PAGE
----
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Montana institute blends postmodern faith and fly-fishing


A group of church leaders in Bozeman, Montana,
is developing plans for a new graduate-level theological institute in their city, focusing on “emergent Christianity.” The institute’s first activities, held in summer and fall of 2013, were five-day immersion seminars that featured not only instruction, but also fly-fishing along Montana’s rivers and hiking . . . 

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A preview of our Autumn 2013 issue



 The Autumn 2013 issue of In Trust magazine is in the mail! Here's a preview of what you can expect:

"Pathways to Seminary: Where the Best Students Come From" by Barbara Wheeler.
In Part 1 of this series, "Sobering Figures Point to Overall Enrollment Decline," Wheeler explained the data that she and her colleagues have been analyzing: Over the last decade, overall seminary enrollment is flat or falling, but there are a few bright spots amid the negative numbers. In this issue, Wheeler shares what she has learned from interviews with the best students enrolled at theological schools across the United States and Canada. 

Two other articles . . .

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Seminary sells campus, moves to smaller space

Lexington Theological Seminary has announced that it will be moving from its 63-year-old campus to a 16,000-square-foot building near the Lexington Green Mall. Earlier this year, the school sold its real estate and buildings to the University of Kentucky for . . .

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More schools, fewer students



The Autumn 2013 issue of In Trust 
includes an article titled “More Schools, Fewer Students: What’s Your Seminary’s Position in the Changing Market of Theological Education?” Co-author Greg Henson, the VP for institutional advancement at Northern Seminary in Lombard, Illinois, has a blog that contains more . . .

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Dr. Rick Bliese named president of the In Trust Center for Theological Schools



The board of directors of the In Trust Center for Theological Schools has named Dr. Richard (Rick) Bliese as the organization’s new president. In his new role, Bliese will oversee and direct all In Trust programs and activities, including In Trust magazine, a 24-year-old quarterly periodical for seminary trustees and senior administrators, and the In Trust Governance Mentor service, which offers customized help to theological school boards. Bliese will also lead the expansion of a new In Trust signature service funded by Lilly Endowment Inc., Resource Consulting.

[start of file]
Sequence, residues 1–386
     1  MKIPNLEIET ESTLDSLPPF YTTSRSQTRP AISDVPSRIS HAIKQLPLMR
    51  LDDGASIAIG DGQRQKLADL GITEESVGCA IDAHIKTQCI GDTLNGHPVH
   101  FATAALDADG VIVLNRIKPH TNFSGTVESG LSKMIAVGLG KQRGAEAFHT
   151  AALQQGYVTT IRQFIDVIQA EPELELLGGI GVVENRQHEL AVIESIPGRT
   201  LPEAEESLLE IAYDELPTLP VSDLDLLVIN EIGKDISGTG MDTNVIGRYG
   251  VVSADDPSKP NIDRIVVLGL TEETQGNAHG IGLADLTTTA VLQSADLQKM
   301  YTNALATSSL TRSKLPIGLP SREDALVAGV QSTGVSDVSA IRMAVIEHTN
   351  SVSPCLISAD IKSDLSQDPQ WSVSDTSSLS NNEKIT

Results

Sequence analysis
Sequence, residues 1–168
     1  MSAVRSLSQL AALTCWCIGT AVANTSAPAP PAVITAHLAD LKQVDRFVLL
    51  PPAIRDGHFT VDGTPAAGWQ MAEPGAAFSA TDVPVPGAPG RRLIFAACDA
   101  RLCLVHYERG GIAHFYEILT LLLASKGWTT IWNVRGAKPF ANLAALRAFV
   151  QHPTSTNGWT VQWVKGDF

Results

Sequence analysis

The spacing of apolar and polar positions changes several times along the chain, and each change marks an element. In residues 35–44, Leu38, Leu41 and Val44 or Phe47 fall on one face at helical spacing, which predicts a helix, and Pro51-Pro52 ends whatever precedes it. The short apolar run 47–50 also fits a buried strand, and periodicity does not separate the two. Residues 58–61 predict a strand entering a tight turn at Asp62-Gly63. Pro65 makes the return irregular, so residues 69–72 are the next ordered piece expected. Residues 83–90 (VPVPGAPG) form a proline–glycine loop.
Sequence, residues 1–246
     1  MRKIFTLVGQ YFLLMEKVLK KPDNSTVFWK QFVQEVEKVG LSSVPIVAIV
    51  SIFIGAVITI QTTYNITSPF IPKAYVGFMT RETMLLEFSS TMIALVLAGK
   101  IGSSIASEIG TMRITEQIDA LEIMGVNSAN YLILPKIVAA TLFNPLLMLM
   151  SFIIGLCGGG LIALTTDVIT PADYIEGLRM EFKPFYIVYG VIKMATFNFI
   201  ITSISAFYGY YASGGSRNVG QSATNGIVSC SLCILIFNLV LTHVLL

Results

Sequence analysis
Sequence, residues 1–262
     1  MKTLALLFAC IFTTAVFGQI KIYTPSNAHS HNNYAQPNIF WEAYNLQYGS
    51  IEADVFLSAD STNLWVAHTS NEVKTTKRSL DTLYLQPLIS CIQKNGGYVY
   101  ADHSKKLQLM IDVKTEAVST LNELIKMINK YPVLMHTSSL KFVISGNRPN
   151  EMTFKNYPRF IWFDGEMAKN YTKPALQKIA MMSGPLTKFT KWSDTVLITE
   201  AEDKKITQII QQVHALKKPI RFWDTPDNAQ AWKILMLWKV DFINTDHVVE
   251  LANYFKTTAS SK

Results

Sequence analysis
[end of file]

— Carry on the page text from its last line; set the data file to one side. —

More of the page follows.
“The board of directors is delighted to . . .

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Signs and portents?


A small private college in Virginia has closed
; could this mean anything for your school? Well, perhaps. “The pending closure is credit negative for a small subset of the higher-education sector with similar attributes to other closed colleges: very small, private colleges with a high reliance on student charges, indistinct market positions, and limited donor support,” Moody’s analysts said. Seminaries, beware!

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Planning a new campus


With the declining number of students
hitting up seminaries for education, and the average student age rising, schools need to be even more careful about planning new campuses.

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How widely distributed within the United States is your denomination?


The 2010 U.S. Religion Census from the Association of Statisticians of American Religious Bodies reports that there are 19 religious groupings (or denominations) with at least 1 million adherents in the United States. Together, these account for 89.4 percent of all religious adherents. The next-largest 42 groupings, with between 100,000 and 1 million adherents, account for another 9.4 percent of all religious adherents.

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Schools examining costs and benefits of tenure



Earlier this month, the board of trustees at Southwestern Baptist Theological Seminary
brought the national debate over tenure home to Texas. By a unanimous vote, they decided to end the tenure program at Southwestern, and set in motion the process to make that happen.

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What happened to seminary enrollment?



Here’s the executive summary:
Enrollment across the Association of Theological Schools is slightly down. The population of North America is way up. And this sounds like trouble.

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Requiem for the bookstore



This month, the Cokesbury bookstore at Lancaster Theological Seminary
 closed its doors for good. In fact, this wasn't the seminary's decision -- all the Cokesbury stores are closing, if they haven't already done so. As someone who deeply appreciates what goes into building and managing a finely curated collection of books -- a difficult task when the best of your collection regularly walks out the door, never to be seen until you re-order -- hearing that another store has closed grieves me.